By MICHAEL PATTERSON
As of March 15, 2019, Florida had over 250,000 patients in the Department of Health Office of Medical Marijuana Use (OMMU) registry approved to use Medical Marijuana (MMJ). These numbers keep increasing 3,000-5,000 patients per week. With marijuana flower ("bud" or plant material) recently being approved to sell at dispensaries, we expect those numbers to climb to 5,000-7,000 patients per week in 2020. With this rapid growth of the industry in Florida, how does Florida compare to other states from a regulatory and business perspective?
Florida MMJ is a vertically integrated licensed industry. The technical name for the license is a Medical Marijuana Treatment Center (MMTC). Vertical integration means that license holders must cultivate, process, transport, and dispense MMJ by themselves. There is no wholesale market. Other states like Colorado, Oklahoma, Pennsylvania, Illinois, Nevada, Oregon, and Washington are horizontal integrated licenses. You must apply or purchase a license to cultivate and/or process cannabis, a separate license to process cannabis (in certain states), a separate license to transport, and a separate license to dispense. (FYI- No license in any state allows you to transport product across state lines because marijuana is still illegal at the federal level)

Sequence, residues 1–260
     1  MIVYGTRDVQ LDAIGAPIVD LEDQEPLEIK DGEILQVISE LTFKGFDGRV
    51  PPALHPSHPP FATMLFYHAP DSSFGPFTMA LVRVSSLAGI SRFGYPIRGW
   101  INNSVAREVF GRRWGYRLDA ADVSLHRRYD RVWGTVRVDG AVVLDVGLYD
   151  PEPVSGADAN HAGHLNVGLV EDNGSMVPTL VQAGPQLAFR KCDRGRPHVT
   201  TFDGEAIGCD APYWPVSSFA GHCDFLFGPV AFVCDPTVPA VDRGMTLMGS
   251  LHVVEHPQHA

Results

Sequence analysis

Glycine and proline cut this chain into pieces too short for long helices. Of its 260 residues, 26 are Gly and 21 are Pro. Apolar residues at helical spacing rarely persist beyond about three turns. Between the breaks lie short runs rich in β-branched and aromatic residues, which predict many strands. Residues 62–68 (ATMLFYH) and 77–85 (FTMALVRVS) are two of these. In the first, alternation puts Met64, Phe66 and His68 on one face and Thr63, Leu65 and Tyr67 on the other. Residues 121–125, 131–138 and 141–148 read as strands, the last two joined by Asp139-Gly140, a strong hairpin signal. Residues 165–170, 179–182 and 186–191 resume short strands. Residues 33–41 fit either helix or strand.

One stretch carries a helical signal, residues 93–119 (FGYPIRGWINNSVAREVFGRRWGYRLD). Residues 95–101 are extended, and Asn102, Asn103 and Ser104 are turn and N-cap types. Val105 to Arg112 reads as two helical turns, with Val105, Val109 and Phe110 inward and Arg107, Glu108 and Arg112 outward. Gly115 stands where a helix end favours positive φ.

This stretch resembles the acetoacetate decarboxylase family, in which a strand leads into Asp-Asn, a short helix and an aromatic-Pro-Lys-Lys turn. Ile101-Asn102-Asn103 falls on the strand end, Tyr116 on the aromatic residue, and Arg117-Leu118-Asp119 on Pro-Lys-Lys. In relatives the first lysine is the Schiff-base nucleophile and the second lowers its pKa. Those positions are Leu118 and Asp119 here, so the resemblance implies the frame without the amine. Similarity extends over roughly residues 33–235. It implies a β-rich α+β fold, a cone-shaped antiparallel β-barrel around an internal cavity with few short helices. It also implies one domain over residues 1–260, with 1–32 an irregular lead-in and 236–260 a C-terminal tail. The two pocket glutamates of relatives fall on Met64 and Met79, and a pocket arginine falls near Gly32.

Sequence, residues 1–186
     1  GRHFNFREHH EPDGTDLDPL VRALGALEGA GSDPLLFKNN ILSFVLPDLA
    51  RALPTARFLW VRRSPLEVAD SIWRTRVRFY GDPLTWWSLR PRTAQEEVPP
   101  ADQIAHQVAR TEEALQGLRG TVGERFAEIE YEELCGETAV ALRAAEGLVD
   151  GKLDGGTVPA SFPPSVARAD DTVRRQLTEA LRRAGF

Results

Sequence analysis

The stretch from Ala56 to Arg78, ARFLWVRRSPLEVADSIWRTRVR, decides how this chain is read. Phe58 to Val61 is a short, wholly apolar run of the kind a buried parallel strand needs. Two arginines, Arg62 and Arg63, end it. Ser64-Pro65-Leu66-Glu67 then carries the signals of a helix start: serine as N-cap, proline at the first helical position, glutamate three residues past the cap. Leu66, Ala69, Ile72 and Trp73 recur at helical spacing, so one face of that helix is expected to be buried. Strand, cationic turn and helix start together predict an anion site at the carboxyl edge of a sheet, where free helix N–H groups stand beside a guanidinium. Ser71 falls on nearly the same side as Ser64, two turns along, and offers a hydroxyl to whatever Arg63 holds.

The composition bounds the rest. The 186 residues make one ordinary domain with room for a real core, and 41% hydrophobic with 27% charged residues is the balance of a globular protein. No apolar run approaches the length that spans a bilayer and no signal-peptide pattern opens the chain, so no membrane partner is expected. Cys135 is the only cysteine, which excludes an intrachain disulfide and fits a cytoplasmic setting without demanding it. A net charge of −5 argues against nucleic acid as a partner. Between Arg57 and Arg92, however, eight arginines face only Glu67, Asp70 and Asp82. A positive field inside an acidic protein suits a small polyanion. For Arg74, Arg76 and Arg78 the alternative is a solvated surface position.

Florida MMJ patient numbers are increasing faster than any other state- New York State, which has a similar population of Florida, legalized MMJ in 2014 and had approximately 80,000 patients as of 2018, compared to Florida's 250,000 patients. Florida is expected to have half of the medical marijuana patients in the entire country by 2020.
Florida MMJ Industry only has 14 licensed entities. To compare, California recently had over 8,000 licensed cannabis businesses in 2017. Each FL MMTC licensee can open as many stores as they would like after April 2020. This unlimited dispensary per license policy is extremely unique in the United States. There is no other state which has an unlimited dispensaries per license policy. This policy leads to extremely high valuations of licensed companies. Two MMTC licenses were recently sold in November 2018 for $70 million (Harvest Health) and January 2019 for $67 million (Acreage Holdings). Trulieve, Florida's largest MMTC, recently went public on the Canadian Securities exchange (CSE) with a valuation close to $1 billion (upon going public, Trulieve only had business in the state of Florida).
The OMMU has been scheduled to issue more MMTC licenses since October 2017 (potentially up to 10 or more). However, due to litigation these licenses have not been issued. The issue should be resolved in the current Florida Legislative Session which will end in May 2019, and more licenses should be available for application in late 2019. Currently, Florida has approximately 110 licensed MMJ Dispensaries open and operating around the state with 2-3 new dispensaries opening weekly. The average price per month of MMJ is between $150-$250. This price should continue to decline as competition continues to increase.
Where is the Florida market going?